17,000 jobs have gone in education. Although that sounds tragic, and it is, a lot of those were crap jobs, meaning casual exploitative position in which people were hired for 8 hours and given 16 hours of work to complete (I'm exaggerating, but you get the idea), often servicing international students whose demands (natural, understandable demand from their POV) were the root of practices that were crippling the system, like the larvae of a parasitic wasp. 

I have a feeling that people from the US, Japan, Aus, probably the UK and hopefully Germany have been in behind-closed-door discussions for some time about the limits of privatization and the consequences of off-shoring jobs....

 

Edited by Grr-owl
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42 minutes ago, Grr-owl said:

Not to be cynical, but this may be one time in which a political party's bid for votes actually is a good thing for everyone. Additionally, it has the benefit, for them, of stealing the Labour Party's lunch. As far as I'm concerned it doesn't matter which party does it, but a focus on getting Australians into good jobs is the key to a better future.

17,000 jobs have gone in education. Although that sounds tragic, and it is, a lot of those were crap jobs, meaning casual exploitative position in which people were hired for 8 hours and given 16 hours of work to complete (I'm exaggerating, but you get the idea), often servicing international students whose demands (natural, understandable demand from their POV) were the root of practices that were crippling the system, like the larvae of a parasitic wasp.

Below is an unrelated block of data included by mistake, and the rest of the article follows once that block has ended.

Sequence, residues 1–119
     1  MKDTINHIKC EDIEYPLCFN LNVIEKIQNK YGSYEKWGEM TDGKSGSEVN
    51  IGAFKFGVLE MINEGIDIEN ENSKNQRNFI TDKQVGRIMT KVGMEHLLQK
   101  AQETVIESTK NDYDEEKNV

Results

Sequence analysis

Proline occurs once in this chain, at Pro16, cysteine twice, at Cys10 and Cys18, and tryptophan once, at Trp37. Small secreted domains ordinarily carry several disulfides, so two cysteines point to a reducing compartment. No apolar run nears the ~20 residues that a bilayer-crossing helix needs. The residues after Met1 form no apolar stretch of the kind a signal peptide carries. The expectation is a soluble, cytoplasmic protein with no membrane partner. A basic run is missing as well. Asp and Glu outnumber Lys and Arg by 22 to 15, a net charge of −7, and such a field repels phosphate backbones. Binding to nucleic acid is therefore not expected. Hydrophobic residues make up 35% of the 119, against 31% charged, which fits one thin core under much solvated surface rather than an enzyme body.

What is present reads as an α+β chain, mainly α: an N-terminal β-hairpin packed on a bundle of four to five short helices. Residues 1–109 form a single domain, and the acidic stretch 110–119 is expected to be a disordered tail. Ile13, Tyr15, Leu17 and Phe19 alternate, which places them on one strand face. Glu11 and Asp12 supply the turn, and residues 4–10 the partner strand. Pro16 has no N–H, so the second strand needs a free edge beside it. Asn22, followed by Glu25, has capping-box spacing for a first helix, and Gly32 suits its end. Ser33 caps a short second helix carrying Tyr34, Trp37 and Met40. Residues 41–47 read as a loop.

I have a feeling that people from the US, Japan, Aus, probably the UK and hopefully Germany have been in behind-closed-door discussions for some time about the limits of privatization and the consequences of off-shoring jobs....

 

The Germans love the free market, as do the Americans. The Japanese are smarter. They have the old mixed economy.

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On 5/1/2021 at 3:28 PM, Grr-owl said:

Not to be cynical, but this may be one time in which a political party's bid for votes actually is a good thing for everyone. Additionally, it has the benefit, for them, of stealing the Labour Party's lunch. As far as I'm concerned it doesn't matter which party does it, but a focus on getting Australians into good jobs is the key to a better future.

17,000 jobs have gone in education. Although that sounds tragic, and it is, a lot of those were crap jobs, meaning casual exploitative position in which people were hired for 8 hours and given 16 hours of work to complete (I'm exaggerating, but you get the idea), often servicing international students whose demands (natural, understandable demand from their POV) were the root of practices that were crippling the system, like the larvae of a parasitic wasp. 

I have a feeling that people from the US, Japan, Aus, probably the UK and hopefully Germany have been in behind-closed-door discussions for some time about the limits of privatization and the consequences of off-shoring jobs....

 

jeez, wish I could get my 8 hours of paid work done in 16

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Just now, Jara said:

jeez, wish I could get my 8 hours of paid work done in 16

Only takes you 17? Unlucky...

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  • 1 month later...

Lots oaf articles lately discussing a new economic era. BBC, Prospect and others…. Talking about the failures of neo-liberalism etc… Then there’s some agreement on an international corporate tax and what’s up at the G7.

The pandemic seems to have galvanised opinion in some respect…..